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The Passover and first-born sons

Q: The Urantia Book is replete with Jesus' observance of the passover. Did Jesus ever have anything to say about the taking of first born sons by the father? Is the passover allegory somewhat similar to the child inquiring to Jesus about Jonah?

A: There are a number of "first-born" references in The Urantia Book, so it appears that some universe significance is associated with being number one.

There's nothing specific related in The Urantia Book of Jesus discussing the sacrifice of the first-born. That practice was a primitive ritual that had been discarded by Jesus' time.

It was long the custom of many peoples to dedicate the first fruits to the spirits. And these observances, now more or less symbolic, are all survivals of the early ceremonies involving human sacrifice. The idea of offering the first-born as a sacrifice was widespread among the ancients, especially among the Phoenicians, who were the last to give it up. It used to be said upon sacrificing, "life for life." Now you say at death, "dust to dust."

The spectacle of Abraham constrained to sacrifice his son Isaac, while shocking to civilized susceptibilities, was not a new or strange idea to the men of those days. It was long a prevalent practice for fathers, at times of great emotional stress, to sacrifice their first-born sons. Many peoples have a tradition analogous to this story, for there once existed a world-wide and profound belief that it was necessary to offer a human sacrifice when anything extraordinary or unusual happened.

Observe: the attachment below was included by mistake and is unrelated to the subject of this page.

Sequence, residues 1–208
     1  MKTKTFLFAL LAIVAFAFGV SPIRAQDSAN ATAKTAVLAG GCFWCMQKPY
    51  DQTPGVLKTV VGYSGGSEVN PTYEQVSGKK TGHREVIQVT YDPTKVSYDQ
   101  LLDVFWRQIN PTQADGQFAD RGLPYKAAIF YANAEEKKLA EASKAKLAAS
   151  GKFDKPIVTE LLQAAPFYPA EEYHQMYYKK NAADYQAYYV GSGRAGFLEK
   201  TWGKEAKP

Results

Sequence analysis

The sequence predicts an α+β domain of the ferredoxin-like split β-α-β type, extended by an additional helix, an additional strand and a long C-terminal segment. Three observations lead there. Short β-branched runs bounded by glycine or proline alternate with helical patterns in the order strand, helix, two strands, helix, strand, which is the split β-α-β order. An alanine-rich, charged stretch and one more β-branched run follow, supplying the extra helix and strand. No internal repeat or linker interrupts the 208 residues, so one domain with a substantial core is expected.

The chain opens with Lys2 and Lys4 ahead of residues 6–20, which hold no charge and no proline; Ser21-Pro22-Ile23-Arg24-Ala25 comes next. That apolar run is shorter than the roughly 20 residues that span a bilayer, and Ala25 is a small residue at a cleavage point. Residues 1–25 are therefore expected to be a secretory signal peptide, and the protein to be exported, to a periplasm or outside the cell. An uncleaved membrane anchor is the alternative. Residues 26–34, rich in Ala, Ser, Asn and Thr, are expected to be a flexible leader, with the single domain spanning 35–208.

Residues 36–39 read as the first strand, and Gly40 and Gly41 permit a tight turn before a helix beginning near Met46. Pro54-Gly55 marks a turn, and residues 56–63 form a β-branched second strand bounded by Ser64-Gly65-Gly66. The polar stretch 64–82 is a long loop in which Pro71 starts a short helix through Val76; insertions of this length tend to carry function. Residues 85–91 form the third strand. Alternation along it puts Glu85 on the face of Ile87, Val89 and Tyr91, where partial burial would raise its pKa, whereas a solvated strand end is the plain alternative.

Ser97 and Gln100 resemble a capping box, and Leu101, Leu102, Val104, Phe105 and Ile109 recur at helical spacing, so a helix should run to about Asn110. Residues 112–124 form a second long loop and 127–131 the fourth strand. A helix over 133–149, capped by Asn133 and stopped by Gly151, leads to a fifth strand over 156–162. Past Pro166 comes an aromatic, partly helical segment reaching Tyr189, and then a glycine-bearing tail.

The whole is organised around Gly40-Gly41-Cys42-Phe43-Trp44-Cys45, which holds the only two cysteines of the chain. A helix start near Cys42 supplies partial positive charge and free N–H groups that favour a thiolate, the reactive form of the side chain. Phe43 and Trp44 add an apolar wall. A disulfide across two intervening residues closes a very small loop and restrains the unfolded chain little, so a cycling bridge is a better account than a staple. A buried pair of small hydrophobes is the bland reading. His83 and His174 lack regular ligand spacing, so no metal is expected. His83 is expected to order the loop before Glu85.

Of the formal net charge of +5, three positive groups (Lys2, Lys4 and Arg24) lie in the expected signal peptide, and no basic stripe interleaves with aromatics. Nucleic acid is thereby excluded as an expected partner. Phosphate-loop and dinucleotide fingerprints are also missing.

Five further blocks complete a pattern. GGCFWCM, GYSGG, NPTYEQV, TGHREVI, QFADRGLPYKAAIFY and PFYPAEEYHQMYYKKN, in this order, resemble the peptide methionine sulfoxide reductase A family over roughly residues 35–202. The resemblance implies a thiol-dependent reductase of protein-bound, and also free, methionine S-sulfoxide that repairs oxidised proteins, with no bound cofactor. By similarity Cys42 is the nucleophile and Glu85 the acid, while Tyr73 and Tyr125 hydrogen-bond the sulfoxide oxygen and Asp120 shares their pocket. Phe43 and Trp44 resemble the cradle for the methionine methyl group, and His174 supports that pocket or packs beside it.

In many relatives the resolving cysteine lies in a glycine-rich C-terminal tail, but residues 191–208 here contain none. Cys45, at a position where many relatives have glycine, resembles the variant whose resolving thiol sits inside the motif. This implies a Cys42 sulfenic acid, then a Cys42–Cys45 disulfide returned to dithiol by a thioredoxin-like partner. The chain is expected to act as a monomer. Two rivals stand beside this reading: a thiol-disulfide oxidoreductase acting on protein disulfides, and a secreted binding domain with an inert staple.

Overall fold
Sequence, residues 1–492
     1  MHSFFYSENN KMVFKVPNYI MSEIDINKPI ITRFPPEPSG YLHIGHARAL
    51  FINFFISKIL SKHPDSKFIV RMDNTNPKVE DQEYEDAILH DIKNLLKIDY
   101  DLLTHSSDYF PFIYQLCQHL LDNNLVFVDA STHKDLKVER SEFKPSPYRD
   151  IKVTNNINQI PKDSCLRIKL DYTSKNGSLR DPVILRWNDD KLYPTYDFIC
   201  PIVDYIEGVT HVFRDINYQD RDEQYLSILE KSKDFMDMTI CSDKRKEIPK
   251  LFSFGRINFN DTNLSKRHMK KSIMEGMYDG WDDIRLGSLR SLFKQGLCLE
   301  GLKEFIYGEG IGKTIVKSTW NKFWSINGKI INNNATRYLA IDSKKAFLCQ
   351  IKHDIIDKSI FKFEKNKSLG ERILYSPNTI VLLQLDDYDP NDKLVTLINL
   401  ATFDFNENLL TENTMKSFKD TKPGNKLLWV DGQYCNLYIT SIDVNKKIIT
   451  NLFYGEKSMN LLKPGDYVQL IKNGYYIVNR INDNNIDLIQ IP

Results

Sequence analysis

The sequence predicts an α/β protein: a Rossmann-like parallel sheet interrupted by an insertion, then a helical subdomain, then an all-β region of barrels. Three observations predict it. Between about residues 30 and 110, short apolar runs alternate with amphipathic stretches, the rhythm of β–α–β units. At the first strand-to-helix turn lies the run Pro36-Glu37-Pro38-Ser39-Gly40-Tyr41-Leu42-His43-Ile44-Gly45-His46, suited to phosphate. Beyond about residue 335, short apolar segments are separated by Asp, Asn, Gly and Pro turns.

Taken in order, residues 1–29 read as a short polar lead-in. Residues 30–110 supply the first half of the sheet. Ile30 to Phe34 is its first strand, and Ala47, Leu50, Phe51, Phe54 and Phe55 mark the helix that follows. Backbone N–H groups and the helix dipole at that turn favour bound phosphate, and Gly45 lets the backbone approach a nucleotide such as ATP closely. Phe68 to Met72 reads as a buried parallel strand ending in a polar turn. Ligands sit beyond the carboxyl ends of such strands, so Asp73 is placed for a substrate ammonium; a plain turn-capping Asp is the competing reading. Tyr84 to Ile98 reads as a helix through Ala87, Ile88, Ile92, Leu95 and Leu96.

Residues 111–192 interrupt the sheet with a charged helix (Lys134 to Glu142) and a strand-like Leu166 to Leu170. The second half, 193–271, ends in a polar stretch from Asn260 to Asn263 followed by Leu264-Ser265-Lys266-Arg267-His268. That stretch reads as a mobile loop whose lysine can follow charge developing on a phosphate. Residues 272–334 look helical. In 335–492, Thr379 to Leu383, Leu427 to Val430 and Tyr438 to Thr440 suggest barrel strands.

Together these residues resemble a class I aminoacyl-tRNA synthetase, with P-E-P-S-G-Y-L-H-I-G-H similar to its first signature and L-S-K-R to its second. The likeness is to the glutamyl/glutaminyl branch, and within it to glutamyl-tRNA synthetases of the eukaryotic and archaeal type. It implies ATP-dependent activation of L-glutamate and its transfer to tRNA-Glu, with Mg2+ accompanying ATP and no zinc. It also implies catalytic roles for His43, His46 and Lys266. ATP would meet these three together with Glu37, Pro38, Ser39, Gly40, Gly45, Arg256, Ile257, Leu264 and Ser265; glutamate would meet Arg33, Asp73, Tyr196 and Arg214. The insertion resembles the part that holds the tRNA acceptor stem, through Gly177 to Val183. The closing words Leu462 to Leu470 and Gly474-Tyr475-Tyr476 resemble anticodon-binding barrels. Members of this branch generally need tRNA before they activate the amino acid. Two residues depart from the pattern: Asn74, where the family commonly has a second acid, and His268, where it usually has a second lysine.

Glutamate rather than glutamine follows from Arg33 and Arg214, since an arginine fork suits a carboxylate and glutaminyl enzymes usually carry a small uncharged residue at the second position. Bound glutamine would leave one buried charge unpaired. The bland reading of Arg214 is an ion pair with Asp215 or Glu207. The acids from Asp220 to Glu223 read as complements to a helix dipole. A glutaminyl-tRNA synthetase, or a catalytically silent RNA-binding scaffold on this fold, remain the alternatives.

Moses attempted to end human sacrifices by inaugurating the ransom as a substitute. He established a systematic schedule which enabled his people to escape the worst results of their rash and foolish vows. Lands, properties, and children could be redeemed according to the established fees, which were payable to the priests. Those groups which ceased to sacrifice their first-born soon possessed great advantages over less advanced neighbors who continued these atrocious acts. Many such backward tribes were not only greatly weakened by this loss of sons, but even the succession of leadership was often broken.

An outgrowth of the passing child sacrifice was the custom of smearing blood on the house doorposts for the protection of the first-born. This was often done in connection with one of the sacred feasts of the year, and this ceremony once obtained over most of the world from Mexico to Egypt. (89:6.7)

The Passover event recorded in the Bible and discussed in The Urantia Book is not explained in modern terms, so whether it is allegorical or not is up to individual interpretation.

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Author: Staff